As you may have seen, we’re about to embark on 16 Days of Action Against Domestic Abuse. We certainly need it. Figures show that violent crime against women is rising, with over 1 in 4 women having experienced domestic abuse since the age of 16.
Lloyds Bank Foundation has been supporting charities tackling domestic and sexual abuse and its impacts for over thirty years, funding small, specialist services in communities right across England and Wales. In fact, it’s one of our biggest areas of funding, with more than 80 charities which support those affected by domestic and sexual abuse currently in receipt of grants. These charities can be found in every corner of England and Wales, from West Cornwall Women’s Aid to Rape Crisis Tyneside & Northumberland and Safer Merthyr Tydfil. But even if we directed all the Foundation’s resources to small charities tackling domestic abuse, they will continue to be squeezed by increasing demands and ever diminishing resources. Meanwhile, Government and commissioners are failing to recognise the importance of specialist support provisions, not just for survivors of domestic and sexual abuse but to meet specific needs of people who may be older or from a BME background for example.
Whilst we continue to fund charities tackling disadvantage through Invest and Enable grants, domestic and sexual abuse has become a key priority area for the Foundation’s national work. Last year we announced our initial investments aimed at helping specialist services to be more successful when facing the current challenging commissioning climate. This is supplemented with real-time individual support from Imkaan, Women’s Aid and Welsh Women’s Aid through which 119 specialist local services have already received a personalised support service.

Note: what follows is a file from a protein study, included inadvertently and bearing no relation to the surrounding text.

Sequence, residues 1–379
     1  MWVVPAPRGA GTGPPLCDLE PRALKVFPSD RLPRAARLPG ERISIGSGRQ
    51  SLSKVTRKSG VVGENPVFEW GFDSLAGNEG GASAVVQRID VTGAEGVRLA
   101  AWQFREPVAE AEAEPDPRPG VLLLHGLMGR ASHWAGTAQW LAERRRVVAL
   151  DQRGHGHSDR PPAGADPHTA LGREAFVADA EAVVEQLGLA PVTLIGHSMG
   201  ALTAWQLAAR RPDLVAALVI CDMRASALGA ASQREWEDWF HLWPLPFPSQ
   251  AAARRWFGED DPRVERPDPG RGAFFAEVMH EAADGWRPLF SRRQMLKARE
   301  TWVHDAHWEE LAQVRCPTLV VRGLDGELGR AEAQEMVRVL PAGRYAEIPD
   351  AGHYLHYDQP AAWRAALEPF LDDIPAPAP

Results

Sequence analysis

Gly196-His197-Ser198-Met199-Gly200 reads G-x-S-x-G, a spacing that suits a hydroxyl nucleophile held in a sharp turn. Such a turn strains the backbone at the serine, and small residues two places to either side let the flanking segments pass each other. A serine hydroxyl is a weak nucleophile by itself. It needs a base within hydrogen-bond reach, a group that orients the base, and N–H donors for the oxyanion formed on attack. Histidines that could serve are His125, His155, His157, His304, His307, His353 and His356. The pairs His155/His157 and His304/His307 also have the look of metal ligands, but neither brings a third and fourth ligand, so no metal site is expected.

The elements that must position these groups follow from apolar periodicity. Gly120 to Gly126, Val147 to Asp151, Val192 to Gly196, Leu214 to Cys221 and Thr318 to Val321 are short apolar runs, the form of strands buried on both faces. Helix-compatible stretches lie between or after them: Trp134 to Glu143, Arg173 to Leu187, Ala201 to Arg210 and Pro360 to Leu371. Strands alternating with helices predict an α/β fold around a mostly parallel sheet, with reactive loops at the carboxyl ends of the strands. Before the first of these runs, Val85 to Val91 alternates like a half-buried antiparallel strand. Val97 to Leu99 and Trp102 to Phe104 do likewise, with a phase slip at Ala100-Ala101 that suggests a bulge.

We know that effective help for the sector can’t only focus on propping up charities: we want to change the system. We’ve worked with the sector to tackle challenges with commissioning, developing a resource in Wales to help commissioners better understand how to meet needs effectively. We also led the development of a similar resource for commissioners in England which is soon to be published. We know this won’t change commissioning overnight, but we hope it is another tool to strengthen the sector. Backing from the Welsh Government shows just how valued the voluntary sector, and specialist services in particular, is in tackling domestic abuse.
To have real impact in tackling the extent of domestic and sexual abuse we can’t only patch up victims and support survivors, we have to stop abuse at its source. We’re investing £1m in Drive, a new approach to challenge high risk perpetrators of domestic abuse led by Respect, SafeLives and Social Finance which seeks to reduce harm now and in the future. It’s not going to be easy, but to reduce the number of victims we must first reduce the number of perpetrators.
These are just three projects supported by the Foundation. In a sector that has so many ideas of how to make a better world, we want to support the best ideas to influence change. Transform: Domestic and Sexual Abuse, our new one-off grants programme to help sector specialists inform and influence responses to domestic and sexual abuse, as well as strengthening the sector from within. We had an outstanding response to our initial call for applications – there were far more strong bids than we could ever support which is testament to the talent, knowledge and determination in the sector.
Set against the challenges presented by domestic and sexual abuse, we know that our funding through Invest, Enable and national programmes is but a small contribution, that’s why these 16 Days of Action are so important. No one organisation alone can tackle these problems and it is imperative that Government takes affirmative action to ensure specialist services can both survive and thrive.
Caroline Howe, Policy and National Programmes Manager
 Crime Survey for England and Wales